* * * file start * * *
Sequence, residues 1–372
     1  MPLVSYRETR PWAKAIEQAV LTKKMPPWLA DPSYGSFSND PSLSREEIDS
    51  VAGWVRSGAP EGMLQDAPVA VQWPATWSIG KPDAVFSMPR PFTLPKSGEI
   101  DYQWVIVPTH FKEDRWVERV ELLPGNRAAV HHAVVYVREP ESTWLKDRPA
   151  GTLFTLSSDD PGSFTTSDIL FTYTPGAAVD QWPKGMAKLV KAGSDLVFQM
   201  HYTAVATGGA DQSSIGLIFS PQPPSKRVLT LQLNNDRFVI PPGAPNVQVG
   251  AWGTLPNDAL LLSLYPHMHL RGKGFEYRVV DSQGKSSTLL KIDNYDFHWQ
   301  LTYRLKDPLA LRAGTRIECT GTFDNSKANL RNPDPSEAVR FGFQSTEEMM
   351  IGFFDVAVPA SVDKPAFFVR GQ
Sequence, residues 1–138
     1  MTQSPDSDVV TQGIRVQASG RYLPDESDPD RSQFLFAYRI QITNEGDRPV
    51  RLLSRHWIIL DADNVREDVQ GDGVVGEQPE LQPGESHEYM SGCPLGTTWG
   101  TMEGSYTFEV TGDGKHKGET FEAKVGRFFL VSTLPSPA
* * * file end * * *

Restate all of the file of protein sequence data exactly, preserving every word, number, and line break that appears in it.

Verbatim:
Sequence, residues 1–372
     1  MPLVSYRETR PWAKAIEQAV LTKKMPPWLA DPSYGSFSND PSLSREEIDS
    51  VAGWVRSGAP EGMLQDAPVA VQWPATWSIG KPDAVFSMPR PFTLPKSGEI
   101  DYQWVIVPTH FKEDRWVERV ELLPGNRAAV HHAVVYVREP ESTWLKDRPA
   151  GTLFTLSSDD PGSFTTSDIL FTYTPGAAVD QWPKGMAKLV KAGSDLVFQM
   201  HYTAVATGGA DQSSIGLIFS PQPPSKRVLT LQLNNDRFVI PPGAPNVQVG
   251  AWGTLPNDAL LLSLYPHMHL RGKGFEYRVV DSQGKSSTLL KIDNYDFHWQ
   301  LTYRLKDPLA LRAGTRIECT GTFDNSKANL RNPDPSEAVR FGFQSTEEMM
   351  IGFFDVAVPA SVDKPAFFVR GQ
Sequence, residues 1–138
     1  MTQSPDSDVV TQGIRVQASG RYLPDESDPD RSQFLFAYRI QITNEGDRPV
    51  RLLSRHWIIL DADNVREDVQ GDGVVGEQPE LQPGESHEYM SGCPLGTTWG
   101  TMEGSYTFEV TGDGKHKGET FEAKVGRFFL VSTLPSPA